Ukraine’s Allies Promise Weapons for Spring Counteroffensive
Ukraine and Russia are both running low on ammunition, and both are scrambling to replenish their stocks and gain a competitive edge.
KYIV, Ukraine — The United States on Wednesday promised to “fully and quickly” give Ukraine the weapons required for a spring counteroffensive against Russia, addressing one of the most critical needs amid a global shortage of ammunition caused in part by the yearlong conflict.
The intensity of the battles in Ukraine has strained the production capacities of the West and Moscow. Both Russian and Ukrainian soldiers have complained that they do not have enough ammunition to keep up with the pace of fighting.
Defense Secretary Lloyd J. Austin III, speaking during a virtual meeting with defense officials from more than 50 countries supporting Kyiv, said the allies “must provide Ukraine with the full capabilities for the fight ahead.”
“I’m confident that we will continue to step up to meet Ukraine’s needs into the spring and well beyond,” he said.
Given the vast expenditure of ammunition by both armies on a daily basis, military analysts have said that the side that wins the race to rearm in the coming months will have an advantage on the battlefield in the next phases of the war.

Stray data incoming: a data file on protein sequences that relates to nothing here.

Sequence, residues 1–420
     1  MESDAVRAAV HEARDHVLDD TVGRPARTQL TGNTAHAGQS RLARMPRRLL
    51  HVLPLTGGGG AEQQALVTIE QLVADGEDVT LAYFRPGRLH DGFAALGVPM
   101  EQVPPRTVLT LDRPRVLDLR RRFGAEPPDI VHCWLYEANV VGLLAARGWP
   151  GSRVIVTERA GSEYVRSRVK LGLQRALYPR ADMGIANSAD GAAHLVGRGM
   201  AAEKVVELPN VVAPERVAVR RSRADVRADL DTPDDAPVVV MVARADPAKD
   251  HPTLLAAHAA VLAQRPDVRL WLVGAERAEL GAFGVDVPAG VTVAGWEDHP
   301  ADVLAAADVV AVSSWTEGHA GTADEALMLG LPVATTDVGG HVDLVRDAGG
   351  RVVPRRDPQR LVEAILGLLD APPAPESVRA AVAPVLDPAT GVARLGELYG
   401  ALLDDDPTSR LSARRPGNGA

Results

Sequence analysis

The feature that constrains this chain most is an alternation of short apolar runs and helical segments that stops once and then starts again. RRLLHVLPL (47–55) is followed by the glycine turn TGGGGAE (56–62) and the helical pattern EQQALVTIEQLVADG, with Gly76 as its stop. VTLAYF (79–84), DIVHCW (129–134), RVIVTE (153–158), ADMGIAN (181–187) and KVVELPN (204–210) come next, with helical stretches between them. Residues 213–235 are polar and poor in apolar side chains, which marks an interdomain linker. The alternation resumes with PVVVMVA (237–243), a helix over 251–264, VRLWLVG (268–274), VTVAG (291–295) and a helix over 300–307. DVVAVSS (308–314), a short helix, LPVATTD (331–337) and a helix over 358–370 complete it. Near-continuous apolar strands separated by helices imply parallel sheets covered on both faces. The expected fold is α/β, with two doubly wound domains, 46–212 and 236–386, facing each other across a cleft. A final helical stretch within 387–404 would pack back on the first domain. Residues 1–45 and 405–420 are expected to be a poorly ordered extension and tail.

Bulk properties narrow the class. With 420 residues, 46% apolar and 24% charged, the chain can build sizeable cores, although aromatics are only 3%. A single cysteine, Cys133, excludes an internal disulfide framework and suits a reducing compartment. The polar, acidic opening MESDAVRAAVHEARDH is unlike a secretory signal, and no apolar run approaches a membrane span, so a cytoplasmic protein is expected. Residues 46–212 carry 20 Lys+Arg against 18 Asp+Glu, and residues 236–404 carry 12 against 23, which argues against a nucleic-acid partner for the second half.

Russia, for its part, has stepped up efforts to put its economy on a wartime footing, even as President Vladimir V. Putin insists his country is engaged only in a “special military operation.”
This week, Mr. Putin visited an aviation production plant and announced that the Russian Ministry of Industry and Trade had prepared a list of unspecified specialist workers who can defer military service.
The Institute for the Study of War, a Washington-based research body, said this step “may suggest that the Kremlin is prioritizing using skilled workers in the production of Russian weapons over having skilled soldiers fight in Russia’s military.”
It added that Mr. Putin had announced “a series of reforms to attract more specialists to work at military production plants, including the reallocation of federal assets to housing and increasing pay.”
The State of the War
- A Morale-Boosting Trip: Ukraine’s president, Volodymyr Zelensky, made a rare and defiant trip to the Bakhmut area, which has become a potent symbol of Ukrainian resistance.
- Xi’s Visit to Russia: President Vladimir Putin of Russia welcomed Xi Jinping, China’s top leader, in Moscow during a state visit carefully choreographed to project unity. The two leaders declared an enduring economic partnership, reinforcing their shared opposition to American dominance.
- Crimea: The Crimean Peninsula, which Russia seized from Ukraine in 2014, has become an increasingly attractive target for Kyiv.
- A Crime in Progress: The International Criminal Court’s arrest warrant for Putin over the forcible deportation of Ukrainian children highlights a practice that the Kremlin has not concealed and says will continue.
The continuing carnage in the battle for Bakhmut, in eastern Ukraine, is the most vivid illustration of the toll the war has taken on resources and fighters. Both sides have suffered heavy casualties in the monthslong fight for control of the city, and Ukrainian medics say they are struggling to treat the dozens of soldiers wounded there every day.